Considering your marketing content in these COVID times

We’re a few months into the COVID-19 pandemic – how’s your business holding up? If you’re only now beginning to slowly re-open the doors, first among your many uncertainties may be “how do I get my customers back”?

No question, COVID-19 changed many of the ways we do things – especially things like shopping. With all but essential business forced to shut their doors, consumers had no place to go, not physically, anyway. Many people who had been laid off didn’t have the money to shop. And others came to the new realization that they actually didn’t really need to shop, at least, not like they used to. 

As businesses finally begin to cautiously re-open, they’re doing so in a very different marketplace. Months of physical distancing and isolation changed many habits, including consumer habits, and businesses are going to have to adapt if they’re going to succeed in the new marketplace. 

Search Engine Journal looked at online traffic for retailers in 2019 and compared it to the same time period in 2020. It found that essential retailers like grocery stores saw an increase in organic traffic (traffic that comes via a search engine instead of directly using the URL) while retailers like clothing stores saw their traffic drop. 

The struggle is real. In terms of reaching your customers, it might feel a bit like you’re back at square one, trying to build up a customer base. As you consider your marketing plan in this next phase of COVID-19, here are some things you could consider.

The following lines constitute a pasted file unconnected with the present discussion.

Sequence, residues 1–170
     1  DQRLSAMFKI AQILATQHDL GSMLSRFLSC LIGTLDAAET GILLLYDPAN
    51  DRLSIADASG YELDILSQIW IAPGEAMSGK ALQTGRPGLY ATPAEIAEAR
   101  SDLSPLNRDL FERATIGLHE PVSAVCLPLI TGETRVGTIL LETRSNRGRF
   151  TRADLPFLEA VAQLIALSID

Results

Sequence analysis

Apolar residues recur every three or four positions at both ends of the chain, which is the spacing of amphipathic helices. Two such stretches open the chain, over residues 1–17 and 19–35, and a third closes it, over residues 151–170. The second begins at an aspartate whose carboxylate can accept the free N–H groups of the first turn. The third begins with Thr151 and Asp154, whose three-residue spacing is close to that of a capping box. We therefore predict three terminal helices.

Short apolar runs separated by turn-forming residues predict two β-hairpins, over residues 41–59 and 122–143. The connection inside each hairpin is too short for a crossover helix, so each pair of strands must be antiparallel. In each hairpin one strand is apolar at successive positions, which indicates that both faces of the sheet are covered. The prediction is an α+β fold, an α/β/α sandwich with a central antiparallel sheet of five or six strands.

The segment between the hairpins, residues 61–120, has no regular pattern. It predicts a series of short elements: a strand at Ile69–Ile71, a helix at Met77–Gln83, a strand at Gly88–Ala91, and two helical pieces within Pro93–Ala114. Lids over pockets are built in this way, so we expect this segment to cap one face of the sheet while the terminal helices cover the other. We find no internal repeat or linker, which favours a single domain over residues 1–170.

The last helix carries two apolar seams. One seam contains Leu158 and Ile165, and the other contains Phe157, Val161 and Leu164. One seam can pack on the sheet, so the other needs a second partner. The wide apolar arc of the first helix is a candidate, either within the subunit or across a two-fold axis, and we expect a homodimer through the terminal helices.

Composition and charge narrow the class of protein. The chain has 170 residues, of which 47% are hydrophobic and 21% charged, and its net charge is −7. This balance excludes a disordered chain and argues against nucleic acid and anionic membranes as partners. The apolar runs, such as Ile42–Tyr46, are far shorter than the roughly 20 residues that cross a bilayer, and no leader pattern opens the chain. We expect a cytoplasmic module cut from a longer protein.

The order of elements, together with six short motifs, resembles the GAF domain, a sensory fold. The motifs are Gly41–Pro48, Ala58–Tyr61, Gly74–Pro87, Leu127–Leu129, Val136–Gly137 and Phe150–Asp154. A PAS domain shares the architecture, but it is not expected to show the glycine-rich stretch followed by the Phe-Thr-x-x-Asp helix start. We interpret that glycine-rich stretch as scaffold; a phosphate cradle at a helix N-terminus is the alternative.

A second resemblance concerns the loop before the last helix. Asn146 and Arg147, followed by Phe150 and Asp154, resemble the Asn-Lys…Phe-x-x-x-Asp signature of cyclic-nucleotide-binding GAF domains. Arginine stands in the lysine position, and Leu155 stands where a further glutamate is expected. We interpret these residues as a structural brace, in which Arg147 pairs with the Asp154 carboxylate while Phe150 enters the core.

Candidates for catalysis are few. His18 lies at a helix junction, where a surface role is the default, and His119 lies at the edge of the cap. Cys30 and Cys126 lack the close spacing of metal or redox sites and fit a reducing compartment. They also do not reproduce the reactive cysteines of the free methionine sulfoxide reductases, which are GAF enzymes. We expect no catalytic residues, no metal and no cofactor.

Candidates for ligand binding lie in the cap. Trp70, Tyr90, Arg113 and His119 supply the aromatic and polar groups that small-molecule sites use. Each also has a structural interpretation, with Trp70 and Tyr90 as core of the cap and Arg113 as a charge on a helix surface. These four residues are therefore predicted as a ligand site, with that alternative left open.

DO market. In tough financial times, many business owners’ first instinct is to cut the marketing budget. Some long-term studies, however, show that the right approach to economic uncertainty is to increase marketing spending, not decrease. You don’t want to become invisible – because you risk staying that way once the economy gets moving again. 

Provide good, relevant content. In a study by the American Association of Advertising Agencies, 43 per cent of respondents found it reassuring when they heard from brands.  Of course, during times as serious as a pandemic, what you say to your audience is going to say a lot about you. 

For many people, life is still in a very slow process of getting back to normal. Your marketing content should reflect this, and provide customers information that’s relevant and even helpful. YouTube, for example, directed people to disease control resources on its homepage. In a more local example, an Alberta car dealership used its TV ads to show someone properly washing their hands for the entire ad (while humming the company’s jingle.) 

Be more human. Of course, you want to sell flooring, or laptops or whatever your product or service is. And selling will be easier now that customers can finally come back to your actual business. But if you want to bring them back for the long term, promote goodwill along with your products. That same advertising study found that 56 per cent of consumers like to hear how brands are helping their communities. So be a good citizen. Use social media to promote a local food drive. Give kudos to health care workers on Facebook. Or donate a percentage of sales to a homeless shelter or some charitable organization that really felt the crunch during COVID-19.

Be ready for change. Then change again. Life now is not the life it was in February. Things have also changed since March. And April. October will not be the same as today. Stay alert. Do not rely on outdated data when planning your marketing and don’t make assumptions about the future. Stay in touch with your customers, listen to them and let them be your guide. These unprecedented times are nowhere near over, so be sure your business is ready for anything.


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